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LING 1010 Lecture 15 & 16 Notes

by: Sarah Skinger

LING 1010 Lecture 15 & 16 Notes LING 1010

Sarah Skinger
GPA 3.915

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These notes cover what was discussed during lecture 15: The Creolization Argument and lecture 16: The Argument from Spontaneous Signing.
Introduction to Languages and Linguistics
Hendrikus Van Der Hulst
Class Notes
LING 1010, Linguistics, Lecture 15, lecture 16, creolization, sign language
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This 2 page Class Notes was uploaded by Sarah Skinger on Tuesday March 29, 2016. The Class Notes belongs to LING 1010 at University of Connecticut taught by Hendrikus Van Der Hulst in Spring 2016. Since its upload, it has received 42 views. For similar materials see Introduction to Languages and Linguistics in Linguistics and Speech Pathology at University of Connecticut.

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Date Created: 03/29/16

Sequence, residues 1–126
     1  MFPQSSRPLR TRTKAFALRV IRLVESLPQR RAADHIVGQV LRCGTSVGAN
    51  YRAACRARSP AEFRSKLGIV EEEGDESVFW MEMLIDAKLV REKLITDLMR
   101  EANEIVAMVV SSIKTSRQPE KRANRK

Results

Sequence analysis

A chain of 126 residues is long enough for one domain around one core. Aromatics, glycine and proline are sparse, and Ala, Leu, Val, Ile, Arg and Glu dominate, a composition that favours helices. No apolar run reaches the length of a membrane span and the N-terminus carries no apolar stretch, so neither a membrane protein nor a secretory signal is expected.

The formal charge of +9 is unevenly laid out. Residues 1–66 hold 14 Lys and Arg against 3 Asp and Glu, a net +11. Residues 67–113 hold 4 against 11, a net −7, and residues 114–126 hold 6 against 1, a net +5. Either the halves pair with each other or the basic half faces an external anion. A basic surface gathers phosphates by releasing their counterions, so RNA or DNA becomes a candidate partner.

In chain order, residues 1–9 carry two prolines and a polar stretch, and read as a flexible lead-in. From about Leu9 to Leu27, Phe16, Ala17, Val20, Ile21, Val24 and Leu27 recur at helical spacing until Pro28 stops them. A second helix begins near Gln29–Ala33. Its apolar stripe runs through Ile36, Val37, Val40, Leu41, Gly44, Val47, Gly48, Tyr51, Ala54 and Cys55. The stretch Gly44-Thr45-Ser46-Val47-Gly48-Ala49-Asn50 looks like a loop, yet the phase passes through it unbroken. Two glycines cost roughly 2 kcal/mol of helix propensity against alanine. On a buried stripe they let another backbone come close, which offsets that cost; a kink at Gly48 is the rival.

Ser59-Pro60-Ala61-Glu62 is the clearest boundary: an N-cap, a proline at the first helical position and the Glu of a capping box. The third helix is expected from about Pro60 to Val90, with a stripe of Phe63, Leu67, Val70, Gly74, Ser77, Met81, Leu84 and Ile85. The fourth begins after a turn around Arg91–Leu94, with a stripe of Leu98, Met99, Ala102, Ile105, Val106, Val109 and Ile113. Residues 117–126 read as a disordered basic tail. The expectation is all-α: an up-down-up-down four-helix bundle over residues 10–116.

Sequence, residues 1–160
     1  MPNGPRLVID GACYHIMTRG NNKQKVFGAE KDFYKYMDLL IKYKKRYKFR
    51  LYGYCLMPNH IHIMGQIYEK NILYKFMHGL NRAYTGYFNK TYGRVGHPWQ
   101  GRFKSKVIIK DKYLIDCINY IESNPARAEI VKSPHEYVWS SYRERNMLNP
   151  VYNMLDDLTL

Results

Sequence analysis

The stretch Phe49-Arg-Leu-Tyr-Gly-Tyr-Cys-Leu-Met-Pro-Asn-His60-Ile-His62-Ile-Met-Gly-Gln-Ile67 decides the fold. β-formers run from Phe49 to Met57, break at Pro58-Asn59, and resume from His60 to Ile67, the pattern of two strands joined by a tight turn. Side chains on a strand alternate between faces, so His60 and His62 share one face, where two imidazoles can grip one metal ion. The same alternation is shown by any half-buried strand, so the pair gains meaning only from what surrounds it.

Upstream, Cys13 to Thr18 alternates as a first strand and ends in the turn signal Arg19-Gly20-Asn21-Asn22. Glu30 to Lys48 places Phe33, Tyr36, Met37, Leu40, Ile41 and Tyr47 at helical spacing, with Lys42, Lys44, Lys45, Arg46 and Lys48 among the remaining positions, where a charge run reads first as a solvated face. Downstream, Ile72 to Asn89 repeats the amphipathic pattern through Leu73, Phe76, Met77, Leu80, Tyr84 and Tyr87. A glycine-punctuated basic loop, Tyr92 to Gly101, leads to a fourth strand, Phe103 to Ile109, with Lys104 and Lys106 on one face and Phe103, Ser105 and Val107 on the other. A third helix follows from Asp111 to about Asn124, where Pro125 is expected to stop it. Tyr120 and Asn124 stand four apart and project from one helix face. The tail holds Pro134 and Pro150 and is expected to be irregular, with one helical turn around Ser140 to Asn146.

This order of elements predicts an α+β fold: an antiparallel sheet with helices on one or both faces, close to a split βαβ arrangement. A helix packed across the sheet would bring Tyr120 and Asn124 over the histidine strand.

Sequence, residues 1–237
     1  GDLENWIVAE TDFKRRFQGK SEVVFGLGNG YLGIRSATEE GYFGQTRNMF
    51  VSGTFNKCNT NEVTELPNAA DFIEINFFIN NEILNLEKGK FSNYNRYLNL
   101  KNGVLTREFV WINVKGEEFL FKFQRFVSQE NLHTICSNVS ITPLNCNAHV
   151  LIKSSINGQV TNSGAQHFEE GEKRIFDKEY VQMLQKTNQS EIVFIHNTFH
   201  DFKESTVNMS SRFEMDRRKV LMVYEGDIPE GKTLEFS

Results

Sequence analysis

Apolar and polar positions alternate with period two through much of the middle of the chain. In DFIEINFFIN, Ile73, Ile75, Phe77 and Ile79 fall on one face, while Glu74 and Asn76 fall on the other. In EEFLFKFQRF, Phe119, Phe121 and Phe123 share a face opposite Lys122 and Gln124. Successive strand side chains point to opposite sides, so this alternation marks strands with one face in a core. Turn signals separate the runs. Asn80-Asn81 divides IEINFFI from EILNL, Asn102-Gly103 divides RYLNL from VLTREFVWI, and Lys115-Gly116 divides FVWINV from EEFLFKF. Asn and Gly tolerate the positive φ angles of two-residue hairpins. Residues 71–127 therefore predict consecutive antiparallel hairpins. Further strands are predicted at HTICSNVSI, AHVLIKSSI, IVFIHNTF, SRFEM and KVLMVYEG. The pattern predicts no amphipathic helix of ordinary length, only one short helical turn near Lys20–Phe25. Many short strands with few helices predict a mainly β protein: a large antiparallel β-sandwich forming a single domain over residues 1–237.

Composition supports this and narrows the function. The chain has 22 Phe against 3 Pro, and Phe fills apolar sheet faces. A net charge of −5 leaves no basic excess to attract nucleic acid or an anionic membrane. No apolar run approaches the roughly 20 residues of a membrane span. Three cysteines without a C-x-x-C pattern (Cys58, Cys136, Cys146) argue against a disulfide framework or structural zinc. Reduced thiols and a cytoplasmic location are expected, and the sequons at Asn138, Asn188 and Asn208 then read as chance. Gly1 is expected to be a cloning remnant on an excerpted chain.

Lecture 15: The Creolization Argument Grammaticalization  A process of language change by which nouns or verbs erode and lose meaning and  become phonetic markers.  Ex: ‘Will’ → I’ll                ‘able’ → Readable Splitting Model  A proposed explanation for why there are so many different languages.  People together in tribes all spoke the same language. Tribes because too large so they  split up. Over time the languages between the now separate tribes all changed.  Eventually they became completely different languages. o This creates a language family. When the tribe with Language A splits into two  tribes, over time the language of those smaller tribes change and become  Languages B and C. Languages A, B and C are all part of a language family. Proto­World  The ancestor language of all language  It might be the first initial human language  Can be used to indicate that a lost language that was the splitting point of other  languages has been partially reconstructed. Ex: Proto­Germanic Globalization  Languages will not continue to split anymore. For instance, English has dialects but  those dialects will not change further.  This is because we are in communication with each other via the internet, TV, and radio. It holds us in check. The Merging Model  Languages might have merged together to create a new language.  This could have happened when slaves from different language backgrounds were  brought together on a plantation.  The adults would have used their two languages to create one in the middle ­ called a  Pidgin Pidgin  A makeshift “language” formed from the combination of separate languages.  Created and spoken by adults  Simple Grammar  No one’s native language Creole  When children are exposed to a Pidgin, they use their language acquisition device  to turn it into a creole (Although this takes a number of generations)  They give it a grammar and make it an actual language  It is their native language Summary:  We used to create languages from Splitting and Merging  But not we only loose languages due to Globalization Lecture 16: The Argument from Spontaneous Signing Sign Languages  Are True Languages  There is not one universal sign language ­ There is one for each deaf population. Ex:  American Sign Language and British Sign Language  They have not been consciously created  They are not based on spoken languages. Ex: American Sign Language is completely  different from British Sign Language even though the spoken language in both places is  English.  They are not a form of gesturing because they have grammar, and gesturing does not.  They are not primitive  They are not a form of pantomime They are Regular Languages  Children exposed to a sign language either in addition to or instead of a spoken  language will go through the same stages at the same times as children learning a  spoken language do.   It supports the Critical Period Hypothesis because deaf children who are not exposed to  a sign language until many years after birth don’t have the same fluency as those who  learned it earlier.   Also, deaf children who grow up without learning a sign language will develop their own,  called Home Sign. It is what they use to communicate with family members. 


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